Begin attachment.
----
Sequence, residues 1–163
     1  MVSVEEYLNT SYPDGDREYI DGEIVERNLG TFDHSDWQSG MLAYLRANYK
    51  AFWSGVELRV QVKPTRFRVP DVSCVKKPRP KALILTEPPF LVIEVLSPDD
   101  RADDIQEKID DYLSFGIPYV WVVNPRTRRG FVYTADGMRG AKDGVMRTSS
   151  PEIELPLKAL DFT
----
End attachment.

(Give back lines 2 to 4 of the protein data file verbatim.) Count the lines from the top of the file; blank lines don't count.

     1  MVSVEEYLNT SYPDGDREYI DGEIVERNLG TFDHSDWQSG MLAYLRANYK
    51  AFWSGVELRV QVKPTRFRVP DVSCVKKPRP KALILTEPPF LVIEVLSPDD
   101  RADDIQEKID DYLSFGIPYV WVVNPRTRRG FVYTADGMRG AKDGVMRTSS